Vector, EV charging stations
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Vector welcomes clean vehicle action plan, highlights key role electricity networks will play in enabling EV uptake

Vector, New Zealand’s largest electricity distributor, has welcomed the Government’s proposed plan to encourage more New Zealanders into electric vehicles (EVs) using price incentives.

Vector has for many years engaged with local and central Governments to highlight the crucial role electricity distribution businesses will play in enabling EV uptake.

Vector’s chief networks officer Andre Botha said, “Some fast EV chargers installed in residential homes can add the equivalent of seven houses to the electricity grid, so we have known for some time that surging EV uptake will put unprecedented pressure on the country’s electricity networks - particularly if people arrive home at the end of a typical work day and start charging their cars at the same time.

“With half of the country’s EVs owned by Auckland residents, Vector has proactively embraced an innovative, technology-led approach to network management and planning to prepare the city for the rise of EVs, and other emerging energy system challenges.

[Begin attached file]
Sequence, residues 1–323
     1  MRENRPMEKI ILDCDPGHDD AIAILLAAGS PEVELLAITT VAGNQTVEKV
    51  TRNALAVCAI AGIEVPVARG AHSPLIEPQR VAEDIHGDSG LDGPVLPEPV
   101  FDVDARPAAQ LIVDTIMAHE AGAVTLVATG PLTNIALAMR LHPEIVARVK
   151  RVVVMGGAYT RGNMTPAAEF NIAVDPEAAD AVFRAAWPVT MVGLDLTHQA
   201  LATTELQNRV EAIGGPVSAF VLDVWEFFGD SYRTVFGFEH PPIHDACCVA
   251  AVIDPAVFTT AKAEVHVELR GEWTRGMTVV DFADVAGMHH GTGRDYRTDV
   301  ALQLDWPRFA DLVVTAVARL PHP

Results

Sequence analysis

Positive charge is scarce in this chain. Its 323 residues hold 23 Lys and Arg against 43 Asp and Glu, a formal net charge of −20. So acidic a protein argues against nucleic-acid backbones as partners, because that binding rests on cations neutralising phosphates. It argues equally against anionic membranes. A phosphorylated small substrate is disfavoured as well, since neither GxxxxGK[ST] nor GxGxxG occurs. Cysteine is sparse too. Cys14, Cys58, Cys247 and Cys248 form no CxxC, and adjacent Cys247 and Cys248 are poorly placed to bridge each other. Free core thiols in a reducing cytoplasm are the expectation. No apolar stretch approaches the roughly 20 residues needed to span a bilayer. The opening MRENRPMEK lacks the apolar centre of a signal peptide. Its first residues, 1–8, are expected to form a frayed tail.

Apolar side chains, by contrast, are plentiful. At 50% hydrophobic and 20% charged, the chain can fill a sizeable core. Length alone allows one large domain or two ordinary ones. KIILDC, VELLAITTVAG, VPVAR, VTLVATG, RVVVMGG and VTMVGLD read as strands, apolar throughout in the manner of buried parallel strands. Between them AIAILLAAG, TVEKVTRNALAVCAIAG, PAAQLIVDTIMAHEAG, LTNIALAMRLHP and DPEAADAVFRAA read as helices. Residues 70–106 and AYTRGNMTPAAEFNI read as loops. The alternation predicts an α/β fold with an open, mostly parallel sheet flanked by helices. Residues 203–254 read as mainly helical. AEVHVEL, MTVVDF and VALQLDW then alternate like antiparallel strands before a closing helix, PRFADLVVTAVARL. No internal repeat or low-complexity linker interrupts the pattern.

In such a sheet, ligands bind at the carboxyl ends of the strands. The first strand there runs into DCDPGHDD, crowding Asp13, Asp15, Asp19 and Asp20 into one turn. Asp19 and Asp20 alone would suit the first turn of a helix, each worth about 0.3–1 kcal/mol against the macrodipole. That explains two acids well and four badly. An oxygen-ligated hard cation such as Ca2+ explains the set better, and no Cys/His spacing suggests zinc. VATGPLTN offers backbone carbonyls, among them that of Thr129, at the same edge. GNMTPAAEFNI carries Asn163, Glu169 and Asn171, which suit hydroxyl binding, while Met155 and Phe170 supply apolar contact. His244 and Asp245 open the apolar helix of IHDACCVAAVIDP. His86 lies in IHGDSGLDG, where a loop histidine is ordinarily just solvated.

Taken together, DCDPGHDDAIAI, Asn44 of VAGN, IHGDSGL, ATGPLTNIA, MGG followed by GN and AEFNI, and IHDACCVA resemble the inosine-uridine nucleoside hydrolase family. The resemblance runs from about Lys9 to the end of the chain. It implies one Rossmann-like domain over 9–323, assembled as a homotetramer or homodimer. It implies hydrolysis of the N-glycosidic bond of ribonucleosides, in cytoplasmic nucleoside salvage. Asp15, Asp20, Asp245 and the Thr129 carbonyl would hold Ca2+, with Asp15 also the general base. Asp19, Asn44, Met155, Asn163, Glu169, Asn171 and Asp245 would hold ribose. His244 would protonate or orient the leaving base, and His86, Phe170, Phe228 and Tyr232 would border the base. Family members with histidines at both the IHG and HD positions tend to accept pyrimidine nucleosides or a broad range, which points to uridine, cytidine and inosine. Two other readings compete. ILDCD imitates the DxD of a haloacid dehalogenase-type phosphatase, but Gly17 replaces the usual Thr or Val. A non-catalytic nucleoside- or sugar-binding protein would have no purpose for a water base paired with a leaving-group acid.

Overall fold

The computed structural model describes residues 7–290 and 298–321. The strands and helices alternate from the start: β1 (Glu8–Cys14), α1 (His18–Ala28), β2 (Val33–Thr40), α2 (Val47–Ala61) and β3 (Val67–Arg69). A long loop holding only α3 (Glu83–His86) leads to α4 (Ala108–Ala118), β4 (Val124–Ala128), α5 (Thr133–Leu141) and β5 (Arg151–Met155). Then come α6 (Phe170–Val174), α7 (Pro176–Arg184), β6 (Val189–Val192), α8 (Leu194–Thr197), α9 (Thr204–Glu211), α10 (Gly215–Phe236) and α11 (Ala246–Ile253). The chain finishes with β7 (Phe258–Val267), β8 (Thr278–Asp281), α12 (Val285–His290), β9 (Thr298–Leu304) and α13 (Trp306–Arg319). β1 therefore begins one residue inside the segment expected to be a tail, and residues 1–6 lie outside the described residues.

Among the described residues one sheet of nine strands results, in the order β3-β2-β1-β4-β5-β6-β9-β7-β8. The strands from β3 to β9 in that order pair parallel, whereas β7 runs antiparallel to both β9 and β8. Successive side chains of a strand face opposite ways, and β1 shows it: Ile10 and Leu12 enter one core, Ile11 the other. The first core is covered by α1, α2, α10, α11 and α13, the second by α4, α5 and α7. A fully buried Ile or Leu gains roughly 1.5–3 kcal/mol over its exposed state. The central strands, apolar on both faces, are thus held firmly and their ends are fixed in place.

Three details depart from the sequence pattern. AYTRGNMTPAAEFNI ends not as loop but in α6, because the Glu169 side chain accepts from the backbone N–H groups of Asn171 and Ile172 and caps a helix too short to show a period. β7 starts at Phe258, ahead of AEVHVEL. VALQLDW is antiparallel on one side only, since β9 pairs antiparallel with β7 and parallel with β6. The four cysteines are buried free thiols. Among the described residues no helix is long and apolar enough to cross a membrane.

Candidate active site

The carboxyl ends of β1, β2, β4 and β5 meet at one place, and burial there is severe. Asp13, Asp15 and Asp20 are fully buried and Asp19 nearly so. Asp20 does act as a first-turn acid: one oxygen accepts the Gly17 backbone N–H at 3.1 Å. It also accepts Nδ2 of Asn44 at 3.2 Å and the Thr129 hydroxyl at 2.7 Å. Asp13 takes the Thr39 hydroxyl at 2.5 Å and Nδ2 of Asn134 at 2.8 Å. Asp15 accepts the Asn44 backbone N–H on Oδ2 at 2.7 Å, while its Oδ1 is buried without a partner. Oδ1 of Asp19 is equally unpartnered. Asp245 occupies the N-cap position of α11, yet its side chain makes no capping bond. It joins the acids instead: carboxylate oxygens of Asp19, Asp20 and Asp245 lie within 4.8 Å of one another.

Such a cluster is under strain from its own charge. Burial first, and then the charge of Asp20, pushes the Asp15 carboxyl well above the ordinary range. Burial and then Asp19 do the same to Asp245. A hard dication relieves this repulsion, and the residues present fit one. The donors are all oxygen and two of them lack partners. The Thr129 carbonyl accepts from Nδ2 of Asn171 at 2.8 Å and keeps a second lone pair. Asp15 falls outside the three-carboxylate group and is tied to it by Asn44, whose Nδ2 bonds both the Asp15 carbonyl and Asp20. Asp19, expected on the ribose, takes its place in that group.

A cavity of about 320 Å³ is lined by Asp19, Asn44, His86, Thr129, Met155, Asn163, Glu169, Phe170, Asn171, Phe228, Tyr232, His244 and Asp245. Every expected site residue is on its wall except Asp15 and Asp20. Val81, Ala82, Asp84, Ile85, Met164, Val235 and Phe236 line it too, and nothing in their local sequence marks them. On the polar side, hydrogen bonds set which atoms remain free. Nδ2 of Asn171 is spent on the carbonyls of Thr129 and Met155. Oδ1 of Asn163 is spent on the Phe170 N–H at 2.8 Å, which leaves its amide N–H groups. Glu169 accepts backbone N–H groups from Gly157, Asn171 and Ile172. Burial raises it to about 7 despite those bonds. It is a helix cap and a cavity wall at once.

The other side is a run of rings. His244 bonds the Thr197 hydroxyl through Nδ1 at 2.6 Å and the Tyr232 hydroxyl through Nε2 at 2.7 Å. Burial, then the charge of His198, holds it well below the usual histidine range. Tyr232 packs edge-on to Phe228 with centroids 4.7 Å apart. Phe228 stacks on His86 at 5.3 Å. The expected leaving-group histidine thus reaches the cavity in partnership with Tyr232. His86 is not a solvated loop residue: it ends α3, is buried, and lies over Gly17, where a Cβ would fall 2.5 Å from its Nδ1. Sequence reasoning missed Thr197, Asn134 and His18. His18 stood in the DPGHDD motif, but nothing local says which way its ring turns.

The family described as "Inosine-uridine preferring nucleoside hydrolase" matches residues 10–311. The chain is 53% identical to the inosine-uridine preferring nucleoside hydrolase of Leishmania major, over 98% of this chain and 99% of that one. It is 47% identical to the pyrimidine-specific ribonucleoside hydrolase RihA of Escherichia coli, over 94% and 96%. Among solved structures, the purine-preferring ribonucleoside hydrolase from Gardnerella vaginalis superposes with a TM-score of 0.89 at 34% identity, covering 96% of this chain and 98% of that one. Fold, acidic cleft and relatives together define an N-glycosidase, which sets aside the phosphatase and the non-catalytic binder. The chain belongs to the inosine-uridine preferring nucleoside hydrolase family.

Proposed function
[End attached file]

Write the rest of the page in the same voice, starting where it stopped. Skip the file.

“Our goal is to ensure the next set of policy and regulatory decisions gives us the certainty we need to continue to make smart investment decisions that benefit our customers now and in the future.”

Vector is currently trialling multiple 50kW rapid EV chargers across the city to cater to the region’s growing fleet of EVs and to build an understanding of how charging technology interacts and impacts on the electricity network.

It has also invested in software management systems to help reduce the impact residential EV chargers have on peak demand and is exploring the potential of vehicle to grid (V2G) and vehicle to home (V2H) chargers.

Botha adds, “Left unaddressed, EV uptake could have large cost implications for consumers if the network needs to be reinforced and could even eventuate in physical constraints on the network which could prevent customers from charging their EVs at home. By building an intelligent electricity network we can better facilitate EV uptake and incentivise behaviour to better manage demand peaks.”